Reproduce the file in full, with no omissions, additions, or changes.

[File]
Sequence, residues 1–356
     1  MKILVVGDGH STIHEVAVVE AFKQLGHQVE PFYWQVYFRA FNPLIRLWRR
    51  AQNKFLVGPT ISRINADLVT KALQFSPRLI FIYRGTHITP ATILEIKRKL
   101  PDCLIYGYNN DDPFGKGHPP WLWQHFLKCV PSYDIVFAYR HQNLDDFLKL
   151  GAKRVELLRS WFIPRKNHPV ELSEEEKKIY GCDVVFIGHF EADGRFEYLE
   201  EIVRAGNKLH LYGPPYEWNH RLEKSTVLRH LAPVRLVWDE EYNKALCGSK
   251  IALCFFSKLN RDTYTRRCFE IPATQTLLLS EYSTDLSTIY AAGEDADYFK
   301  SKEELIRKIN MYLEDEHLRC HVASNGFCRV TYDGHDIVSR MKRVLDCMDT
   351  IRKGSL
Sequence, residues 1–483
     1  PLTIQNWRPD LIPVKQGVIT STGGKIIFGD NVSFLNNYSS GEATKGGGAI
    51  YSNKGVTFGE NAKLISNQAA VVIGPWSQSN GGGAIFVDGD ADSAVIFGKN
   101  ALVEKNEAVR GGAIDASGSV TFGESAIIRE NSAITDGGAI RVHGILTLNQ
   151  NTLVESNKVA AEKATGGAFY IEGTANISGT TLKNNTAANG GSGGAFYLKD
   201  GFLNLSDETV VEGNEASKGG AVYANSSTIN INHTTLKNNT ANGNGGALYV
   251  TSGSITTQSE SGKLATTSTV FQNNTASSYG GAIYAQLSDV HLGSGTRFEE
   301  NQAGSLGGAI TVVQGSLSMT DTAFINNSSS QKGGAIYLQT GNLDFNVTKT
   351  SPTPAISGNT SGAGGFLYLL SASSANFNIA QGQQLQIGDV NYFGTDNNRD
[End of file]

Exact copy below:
Sequence, residues 1–356
     1  MKILVVGDGH STIHEVAVVE AFKQLGHQVE PFYWQVYFRA FNPLIRLWRR
    51  AQNKFLVGPT ISRINADLVT KALQFSPRLI FIYRGTHITP ATILEIKRKL
   101  PDCLIYGYNN DDPFGKGHPP WLWQHFLKCV PSYDIVFAYR HQNLDDFLKL
   151  GAKRVELLRS WFIPRKNHPV ELSEEEKKIY GCDVVFIGHF EADGRFEYLE
   201  EIVRAGNKLH LYGPPYEWNH RLEKSTVLRH LAPVRLVWDE EYNKALCGSK
   251  IALCFFSKLN RDTYTRRCFE IPATQTLLLS EYSTDLSTIY AAGEDADYFK
   301  SKEELIRKIN MYLEDEHLRC HVASNGFCRV TYDGHDIVSR MKRVLDCMDT
   351  IRKGSL
Sequence, residues 1–483
     1  PLTIQNWRPD LIPVKQGVIT STGGKIIFGD NVSFLNNYSS GEATKGGGAI
    51  YSNKGVTFGE NAKLISNQAA VVIGPWSQSN GGGAIFVDGD ADSAVIFGKN
   101  ALVEKNEAVR GGAIDASGSV TFGESAIIRE NSAITDGGAI RVHGILTLNQ
   151  NTLVESNKVA AEKATGGAFY IEGTANISGT TLKNNTAANG GSGGAFYLKD
   201  GFLNLSDETV VEGNEASKGG AVYANSSTIN INHTTLKNNT ANGNGGALYV
   251  TSGSITTQSE SGKLATTSTV FQNNTASSYG GAIYAQLSDV HLGSGTRFEE
   301  NQAGSLGGAI TVVQGSLSMT DTAFINNSSS QKGGAIYLQT GNLDFNVTKT
   351  SPTPAISGNT SGAGGFLYLL SASSANFNIA QGQQLQIGDV NYFGTDNNRD